Fifty years ago, most people in the state of Texas wouldn't have thought twice about including alimony support payments in a divorce agreement. But times have changed-as some experts point out-and roles in society are looked at differently now than they were in the past. Women are finding a foothold in the career market, making names for themselves in fields relatively inaccessible fifty years ago. And with divorce a common-day thing, filing for separation no longer taints your image, preventing you from remarrying and regaining full financial stability.
So in lies the question: should states reconsider laws that require one spouse to pay alimony to another spouse after a divorce? Although Texas residents do not have to worry about permanent alimony payments, some states are looking at spousal support payments as an unnecessary evil.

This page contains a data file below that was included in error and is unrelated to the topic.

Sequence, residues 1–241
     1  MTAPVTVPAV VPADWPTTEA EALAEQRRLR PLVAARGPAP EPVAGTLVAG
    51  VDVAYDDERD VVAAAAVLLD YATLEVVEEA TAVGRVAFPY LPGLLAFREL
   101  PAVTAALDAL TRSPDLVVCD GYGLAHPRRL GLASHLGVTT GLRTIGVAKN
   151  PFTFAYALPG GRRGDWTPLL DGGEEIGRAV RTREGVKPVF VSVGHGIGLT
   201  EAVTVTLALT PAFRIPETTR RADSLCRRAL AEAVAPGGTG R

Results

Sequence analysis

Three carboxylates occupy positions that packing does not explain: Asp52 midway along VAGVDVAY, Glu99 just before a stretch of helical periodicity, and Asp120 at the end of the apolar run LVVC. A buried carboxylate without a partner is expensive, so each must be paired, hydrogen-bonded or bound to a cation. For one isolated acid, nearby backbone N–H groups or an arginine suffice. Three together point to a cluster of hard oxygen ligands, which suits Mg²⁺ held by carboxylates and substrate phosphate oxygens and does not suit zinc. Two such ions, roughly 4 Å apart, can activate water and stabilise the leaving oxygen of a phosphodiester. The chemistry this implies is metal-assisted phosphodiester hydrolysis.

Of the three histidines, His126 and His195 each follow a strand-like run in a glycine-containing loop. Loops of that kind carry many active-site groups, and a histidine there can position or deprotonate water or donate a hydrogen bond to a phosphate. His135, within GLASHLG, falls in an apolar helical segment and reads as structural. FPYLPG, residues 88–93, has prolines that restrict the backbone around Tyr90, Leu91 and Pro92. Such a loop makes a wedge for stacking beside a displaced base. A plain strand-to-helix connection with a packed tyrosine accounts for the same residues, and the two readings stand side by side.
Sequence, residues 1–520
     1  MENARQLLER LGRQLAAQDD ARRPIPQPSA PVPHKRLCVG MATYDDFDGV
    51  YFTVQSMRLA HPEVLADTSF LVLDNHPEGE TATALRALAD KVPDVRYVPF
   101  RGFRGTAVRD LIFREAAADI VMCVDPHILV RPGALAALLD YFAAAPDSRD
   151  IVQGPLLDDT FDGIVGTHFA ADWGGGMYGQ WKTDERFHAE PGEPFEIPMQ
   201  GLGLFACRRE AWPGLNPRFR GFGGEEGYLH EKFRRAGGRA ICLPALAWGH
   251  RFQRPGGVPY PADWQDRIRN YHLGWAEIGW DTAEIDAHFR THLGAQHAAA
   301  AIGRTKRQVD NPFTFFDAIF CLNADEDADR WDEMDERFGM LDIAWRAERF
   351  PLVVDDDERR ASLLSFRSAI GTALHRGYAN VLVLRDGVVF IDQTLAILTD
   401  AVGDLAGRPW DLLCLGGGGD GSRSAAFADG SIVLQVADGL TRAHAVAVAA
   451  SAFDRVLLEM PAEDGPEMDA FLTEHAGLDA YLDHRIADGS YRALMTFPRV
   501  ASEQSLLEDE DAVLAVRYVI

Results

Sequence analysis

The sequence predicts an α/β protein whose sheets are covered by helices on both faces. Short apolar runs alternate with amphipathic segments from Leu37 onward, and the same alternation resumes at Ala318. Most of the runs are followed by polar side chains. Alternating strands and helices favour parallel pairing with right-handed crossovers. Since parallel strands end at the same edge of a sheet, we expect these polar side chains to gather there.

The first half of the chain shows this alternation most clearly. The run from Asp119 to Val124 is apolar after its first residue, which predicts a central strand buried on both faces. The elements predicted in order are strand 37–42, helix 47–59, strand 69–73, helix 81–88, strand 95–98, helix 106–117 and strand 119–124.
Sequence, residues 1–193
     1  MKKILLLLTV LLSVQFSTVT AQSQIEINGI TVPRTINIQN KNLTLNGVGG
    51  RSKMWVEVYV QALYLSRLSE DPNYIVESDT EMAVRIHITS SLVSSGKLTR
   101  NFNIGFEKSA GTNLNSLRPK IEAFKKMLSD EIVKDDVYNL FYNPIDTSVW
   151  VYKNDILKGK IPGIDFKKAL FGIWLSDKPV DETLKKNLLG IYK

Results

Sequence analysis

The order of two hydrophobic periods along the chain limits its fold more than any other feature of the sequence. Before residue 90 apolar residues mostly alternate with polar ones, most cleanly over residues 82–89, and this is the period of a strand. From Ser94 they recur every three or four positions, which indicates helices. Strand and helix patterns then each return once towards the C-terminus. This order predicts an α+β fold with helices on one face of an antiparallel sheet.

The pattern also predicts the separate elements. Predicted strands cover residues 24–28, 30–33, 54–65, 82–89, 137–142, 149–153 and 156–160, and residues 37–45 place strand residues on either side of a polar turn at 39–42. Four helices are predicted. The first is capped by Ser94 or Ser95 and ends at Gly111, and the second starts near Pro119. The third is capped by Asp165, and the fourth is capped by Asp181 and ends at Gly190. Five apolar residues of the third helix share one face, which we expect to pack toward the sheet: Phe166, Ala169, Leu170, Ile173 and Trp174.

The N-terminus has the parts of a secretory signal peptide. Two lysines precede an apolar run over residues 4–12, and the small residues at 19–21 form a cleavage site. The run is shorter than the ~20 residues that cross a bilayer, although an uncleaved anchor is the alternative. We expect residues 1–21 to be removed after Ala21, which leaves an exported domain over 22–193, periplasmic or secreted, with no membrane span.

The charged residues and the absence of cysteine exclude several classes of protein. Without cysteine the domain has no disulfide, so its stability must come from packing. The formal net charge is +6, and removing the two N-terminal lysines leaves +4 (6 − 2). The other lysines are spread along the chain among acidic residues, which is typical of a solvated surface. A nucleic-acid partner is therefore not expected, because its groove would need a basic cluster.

Alimony reform advocates are looking to change current laws to take into account the length of marriage before the amount for alimony is calculated. This can especially be important in military divorces where assets such as pension and military benefits can be heavily debated over in proceedings.
As some reform advocates point out, lawmakers should look at alimony like they do with unemployment. Once a person has proven that they have a job and are financially stable, unemployment payments stop. Such is the request for alimony payments. Although Texas lawmakers may not consider this as an option at this moment, advocates are making a push for such considerations in the decades to come-perhaps even leading to change for future generations.
Source: Yahoo! News, "End Permanent Alimony Forever Say Opponents," Lauren Lyster, April 23, 2013